Manufacturers should seek solutions that empower them to visually build, train, deploy, score and monitor ML models on an ongoing basis. Visualizing transformed data throughout the analysis process minimizes unexpected errors found in the final insights. This enables IT analysts to ensure accuracy and adjust models as needed.
Understanding the steps to enabling AI analysis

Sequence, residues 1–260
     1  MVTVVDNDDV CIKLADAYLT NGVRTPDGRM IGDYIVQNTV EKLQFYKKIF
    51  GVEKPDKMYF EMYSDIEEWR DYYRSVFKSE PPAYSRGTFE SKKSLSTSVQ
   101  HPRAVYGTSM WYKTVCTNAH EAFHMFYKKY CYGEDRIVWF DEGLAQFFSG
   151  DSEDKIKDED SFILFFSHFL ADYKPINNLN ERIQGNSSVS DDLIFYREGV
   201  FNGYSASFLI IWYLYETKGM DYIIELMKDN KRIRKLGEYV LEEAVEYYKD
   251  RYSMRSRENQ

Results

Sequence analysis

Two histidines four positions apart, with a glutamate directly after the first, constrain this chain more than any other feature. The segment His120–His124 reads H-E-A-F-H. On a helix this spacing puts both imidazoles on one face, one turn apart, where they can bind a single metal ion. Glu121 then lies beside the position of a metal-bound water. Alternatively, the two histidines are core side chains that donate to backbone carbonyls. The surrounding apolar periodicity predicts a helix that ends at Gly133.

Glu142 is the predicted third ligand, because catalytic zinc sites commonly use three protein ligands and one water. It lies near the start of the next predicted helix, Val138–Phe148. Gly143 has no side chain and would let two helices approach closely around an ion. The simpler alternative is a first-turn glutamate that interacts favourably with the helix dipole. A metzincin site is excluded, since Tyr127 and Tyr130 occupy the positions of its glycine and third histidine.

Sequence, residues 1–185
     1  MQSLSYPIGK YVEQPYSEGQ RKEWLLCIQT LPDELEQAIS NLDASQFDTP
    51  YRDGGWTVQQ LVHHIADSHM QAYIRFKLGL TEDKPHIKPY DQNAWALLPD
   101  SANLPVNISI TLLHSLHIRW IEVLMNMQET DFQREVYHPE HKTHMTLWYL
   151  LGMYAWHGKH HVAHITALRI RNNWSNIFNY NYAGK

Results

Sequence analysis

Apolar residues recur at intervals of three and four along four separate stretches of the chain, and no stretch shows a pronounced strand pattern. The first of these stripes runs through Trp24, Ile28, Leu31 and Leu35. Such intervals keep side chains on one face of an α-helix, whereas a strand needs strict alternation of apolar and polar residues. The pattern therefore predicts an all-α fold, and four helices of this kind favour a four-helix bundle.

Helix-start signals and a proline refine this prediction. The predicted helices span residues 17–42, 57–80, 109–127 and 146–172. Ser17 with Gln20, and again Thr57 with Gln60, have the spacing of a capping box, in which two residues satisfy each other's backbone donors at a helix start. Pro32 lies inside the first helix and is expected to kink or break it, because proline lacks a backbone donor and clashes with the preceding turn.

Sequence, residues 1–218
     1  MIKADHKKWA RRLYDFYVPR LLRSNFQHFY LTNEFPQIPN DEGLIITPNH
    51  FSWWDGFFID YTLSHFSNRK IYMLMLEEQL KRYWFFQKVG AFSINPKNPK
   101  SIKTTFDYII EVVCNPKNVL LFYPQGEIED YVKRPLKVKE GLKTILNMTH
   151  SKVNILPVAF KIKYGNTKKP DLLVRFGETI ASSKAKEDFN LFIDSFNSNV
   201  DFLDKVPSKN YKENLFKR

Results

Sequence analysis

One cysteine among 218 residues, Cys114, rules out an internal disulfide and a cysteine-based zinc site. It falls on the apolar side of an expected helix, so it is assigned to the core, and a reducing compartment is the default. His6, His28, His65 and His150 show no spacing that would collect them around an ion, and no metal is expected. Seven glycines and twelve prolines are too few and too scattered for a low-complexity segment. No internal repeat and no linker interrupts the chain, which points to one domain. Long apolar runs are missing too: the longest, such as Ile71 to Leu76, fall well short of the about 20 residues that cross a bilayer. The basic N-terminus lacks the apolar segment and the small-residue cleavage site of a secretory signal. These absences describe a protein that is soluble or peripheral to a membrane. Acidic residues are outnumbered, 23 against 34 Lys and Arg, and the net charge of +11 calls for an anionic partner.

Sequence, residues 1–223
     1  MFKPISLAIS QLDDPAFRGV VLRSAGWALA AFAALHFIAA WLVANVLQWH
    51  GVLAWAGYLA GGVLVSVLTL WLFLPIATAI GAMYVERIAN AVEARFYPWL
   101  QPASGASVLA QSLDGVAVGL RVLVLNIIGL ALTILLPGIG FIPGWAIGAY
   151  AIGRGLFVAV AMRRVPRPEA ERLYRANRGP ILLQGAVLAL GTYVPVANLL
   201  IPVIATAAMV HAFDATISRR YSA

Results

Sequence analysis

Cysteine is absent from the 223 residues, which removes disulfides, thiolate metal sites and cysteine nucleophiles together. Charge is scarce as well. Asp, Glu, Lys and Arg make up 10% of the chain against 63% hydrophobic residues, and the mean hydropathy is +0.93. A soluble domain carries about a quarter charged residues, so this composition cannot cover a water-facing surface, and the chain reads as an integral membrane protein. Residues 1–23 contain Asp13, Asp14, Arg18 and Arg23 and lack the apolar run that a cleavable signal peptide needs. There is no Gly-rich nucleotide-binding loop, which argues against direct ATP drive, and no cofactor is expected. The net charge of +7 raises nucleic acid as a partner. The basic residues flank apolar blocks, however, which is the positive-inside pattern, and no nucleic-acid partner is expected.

Some manufacturers are already preparing for, or deploying, AI-driven solutions to improve their agility. For example, a large European dairy producer was struggling to meet regulatory standards surrounding the drying process of caseinate powder, which required dryers to run slower to avoid waste caused by noncompliance. In turn, this caused the dryers to consume more energy, as well as a reduced throughput. The dairy producer has successfully leveraged OT sensors, paired with IT-driven predictive models, to increase throughput and maximize resource efficiency. By utilizing sensor data, model-based closed-loop controls rapidly responded and adjusted dryer settings when the IT system predicted any issues with moisture, throughput or energy consumption. Through the integration of OT and IT technology, the dairy producer achieved a 42% reduction in quality variability, which resulted in up to a nearly 16% increase in throughput.